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Regioselective surface encoding of nanoparticles for programmable self-assembly

A Publisher Correction to this article was published on 12 December 2018

This article has been updated

Abstract

Surface encoding of colloidal nanoparticles with DNA is fundamental for fields where recognition interaction is required, particularly controllable material self-assembly. However, regioselective surface encoding of nanoparticles is still challenging because of the difficulty associated with breaking the identical chemical environment on nanoparticle surfaces. Here we demonstrate the selective blocking of nanoparticle surfaces with a diblock copolymer (polystyrene-b-polyacrylic acid). By tuning the interfacial free energies of a ternary system involving the nanoparticles, solvent and copolymer, controllable accessibilities to the nanoparticles’ surfaces are obtained. Through the modification of the polymer-free surface region with single-stranded DNA, regioselective and programmable surface encoding is realized. The resultant interparticle binding potential is selective and directional, allowing for an increased degree of complexity of potential self-assemblies. The versatility of this regioselective surface encoding strategy is demonstrated on various nanoparticles of isotropic or anisotropic shape and a total of 24 distinct complex nanoassemblies are fabricated.

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Fig. 1: Directional and programmable encapsulated NPs.
Fig. 2: Fabrication of rseNPs.
Fig. 3: Control of the uncovered area.
Fig. 4: Programmable self-assemblies built from rseNPs.

Data availability

The data that support the findings of this study are available from the corresponding author upon reasonable request.

Change history

  • 12 December 2018

    In the version of this Article originally published, the diblock copolymer structure in Fig. 2a showed a single bond between the carbon and the oxygen atoms; it should have been a double bond. This has been corrected in all versions of the Article.

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Acknowledgements

This work is supported by the University of Chicago and the NSF CAREER Award (DMR-1555361) to Y.W. D.L. acknowledges the Martha Ann and Joseph A. Chenicek Graduate Research Fund and HHMI International Student Research Fellowship. This research used resources of the Center for Functional Nanomaterials at Brookhaven National Laboratory, which is supported by US DOE Office of Science Facilities under Contract DE-SC0012704. O.G. gratefully acknowledges the support by the US Department of Energy, Office of Basic Energy Sciences, Division of Materials Sciences and Engineering under grant no. DE-SC0008772.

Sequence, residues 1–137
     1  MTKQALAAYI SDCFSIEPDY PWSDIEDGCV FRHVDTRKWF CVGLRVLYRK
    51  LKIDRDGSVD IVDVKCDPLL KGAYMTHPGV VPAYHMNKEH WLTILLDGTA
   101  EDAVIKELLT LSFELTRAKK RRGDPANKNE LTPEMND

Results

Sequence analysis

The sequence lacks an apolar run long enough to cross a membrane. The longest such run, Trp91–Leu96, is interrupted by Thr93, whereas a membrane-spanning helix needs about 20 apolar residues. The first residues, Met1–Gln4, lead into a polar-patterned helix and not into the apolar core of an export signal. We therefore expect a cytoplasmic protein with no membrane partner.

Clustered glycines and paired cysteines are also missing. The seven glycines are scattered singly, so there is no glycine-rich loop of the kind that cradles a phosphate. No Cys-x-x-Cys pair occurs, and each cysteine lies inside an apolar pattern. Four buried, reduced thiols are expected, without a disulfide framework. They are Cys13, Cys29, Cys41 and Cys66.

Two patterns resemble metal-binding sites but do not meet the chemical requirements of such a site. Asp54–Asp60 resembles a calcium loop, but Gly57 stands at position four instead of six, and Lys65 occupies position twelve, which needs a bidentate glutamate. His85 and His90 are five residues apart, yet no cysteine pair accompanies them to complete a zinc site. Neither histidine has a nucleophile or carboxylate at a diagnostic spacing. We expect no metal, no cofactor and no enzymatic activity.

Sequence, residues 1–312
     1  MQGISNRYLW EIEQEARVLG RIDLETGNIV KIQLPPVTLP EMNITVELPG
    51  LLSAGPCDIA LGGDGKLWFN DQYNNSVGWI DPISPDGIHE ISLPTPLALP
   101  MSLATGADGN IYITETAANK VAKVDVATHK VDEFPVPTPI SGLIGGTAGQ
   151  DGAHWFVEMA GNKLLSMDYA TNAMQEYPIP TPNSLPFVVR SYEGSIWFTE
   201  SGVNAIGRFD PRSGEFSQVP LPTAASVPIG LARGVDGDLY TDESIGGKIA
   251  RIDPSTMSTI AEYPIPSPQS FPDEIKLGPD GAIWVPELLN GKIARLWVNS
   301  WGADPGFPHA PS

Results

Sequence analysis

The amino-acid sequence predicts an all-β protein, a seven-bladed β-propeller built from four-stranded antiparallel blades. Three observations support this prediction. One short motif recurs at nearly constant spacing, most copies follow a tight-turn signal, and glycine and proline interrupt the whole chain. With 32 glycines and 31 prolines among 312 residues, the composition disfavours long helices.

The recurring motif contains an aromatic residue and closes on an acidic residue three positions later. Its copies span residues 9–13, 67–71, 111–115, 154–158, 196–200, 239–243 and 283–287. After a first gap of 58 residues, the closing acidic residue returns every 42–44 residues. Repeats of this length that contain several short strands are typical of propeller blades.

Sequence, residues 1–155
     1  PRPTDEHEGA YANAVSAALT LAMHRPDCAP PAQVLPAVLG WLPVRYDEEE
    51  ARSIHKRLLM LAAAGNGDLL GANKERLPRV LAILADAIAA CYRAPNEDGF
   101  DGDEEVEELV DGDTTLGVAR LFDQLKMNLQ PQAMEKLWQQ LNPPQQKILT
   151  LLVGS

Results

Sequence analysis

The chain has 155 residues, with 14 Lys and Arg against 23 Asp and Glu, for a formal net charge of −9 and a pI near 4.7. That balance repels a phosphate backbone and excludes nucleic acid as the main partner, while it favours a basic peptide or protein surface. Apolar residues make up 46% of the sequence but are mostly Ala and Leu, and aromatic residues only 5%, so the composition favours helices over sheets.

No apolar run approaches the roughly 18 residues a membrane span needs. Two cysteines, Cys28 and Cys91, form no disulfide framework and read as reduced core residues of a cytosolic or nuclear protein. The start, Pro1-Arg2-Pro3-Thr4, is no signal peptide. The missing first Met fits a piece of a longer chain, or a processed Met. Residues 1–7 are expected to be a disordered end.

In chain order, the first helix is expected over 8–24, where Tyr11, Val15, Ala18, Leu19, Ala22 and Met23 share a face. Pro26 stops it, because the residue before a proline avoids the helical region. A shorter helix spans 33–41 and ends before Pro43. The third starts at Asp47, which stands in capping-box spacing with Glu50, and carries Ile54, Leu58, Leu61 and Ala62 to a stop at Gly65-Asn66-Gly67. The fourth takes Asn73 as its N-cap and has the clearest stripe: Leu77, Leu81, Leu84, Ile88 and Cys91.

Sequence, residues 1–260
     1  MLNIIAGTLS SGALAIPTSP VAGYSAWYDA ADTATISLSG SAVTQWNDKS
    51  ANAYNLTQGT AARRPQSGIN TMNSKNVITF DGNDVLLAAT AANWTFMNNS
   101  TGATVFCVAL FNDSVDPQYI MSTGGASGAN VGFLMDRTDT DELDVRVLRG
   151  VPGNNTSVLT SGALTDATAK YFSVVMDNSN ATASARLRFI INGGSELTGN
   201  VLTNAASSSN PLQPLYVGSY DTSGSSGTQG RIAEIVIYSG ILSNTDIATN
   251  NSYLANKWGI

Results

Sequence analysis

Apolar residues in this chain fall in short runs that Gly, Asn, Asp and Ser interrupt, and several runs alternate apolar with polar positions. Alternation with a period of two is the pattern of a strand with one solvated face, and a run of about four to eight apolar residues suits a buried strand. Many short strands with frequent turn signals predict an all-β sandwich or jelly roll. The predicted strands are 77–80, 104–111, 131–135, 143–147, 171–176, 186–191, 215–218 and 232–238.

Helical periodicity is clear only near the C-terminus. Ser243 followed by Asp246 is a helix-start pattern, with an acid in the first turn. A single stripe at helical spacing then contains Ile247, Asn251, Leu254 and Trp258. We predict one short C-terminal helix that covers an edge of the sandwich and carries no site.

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Authors and Affiliations

Authors

Contributions

G.C. and Y.W. conceived the idea. G.C. and D.L. designed the experiments and developed the methodology. During the revision, H.C.R. and K.J.G. helped with the NP synthesis, K.J.G. performed the polymer encapsulation and self-assemblies, J.-H.L. helped with the microscopy. W.X., R.L. and H.L.X. performed the microscopy for the 3D tomograms. H.L.X. and O.G. analysed the data for the 3D reconstructions. Y.W. supervised the project. G.C., D.L., K.J.G., H.C.R. and Y.W. analysed the data and wrote the paper.

Corresponding author

Correspondence to Yossi Weizmann.

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The authors declare no competing interests.

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Supplementary information

Supplementary Information

Supplementary Video Legends 1–6, Supplementary Figures 1–37, Supplementary Tables 1 and 2 and Supplementary References

Supplementary Video 1

3D tomographic reconstruction of v-AuNC partially encapsulated nanostructure

Supplementary Video 2

Full rotation of 3D tomographic reconstruction of c-AuNC self-assembly with AuNS

Supplementary Video 3

Full rotation of 3D tomographic reconstruction of c-AuNC partially encapsulated nanostructure

Supplementary Video 4

Half rotation at slower speed of 3D tomographic reconstruction of c-AuNC partially encapsulated nanostructure

Supplementary Video 5

3D tomographic reconstruction showing detailed surface structure of the c-AuNC through a sliding partition plane

Supplementary Video 6

Full rotation of 3D tomographic reconstruction of c-AuNC self-assembly with AuNS

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Chen, G., Gibson, K.J., Liu, D. et al. Regioselective surface encoding of nanoparticles for programmable self-assembly. Nature Mater 18, 169–174 (2019). https://doi.org/10.1038/s41563-018-0231-1

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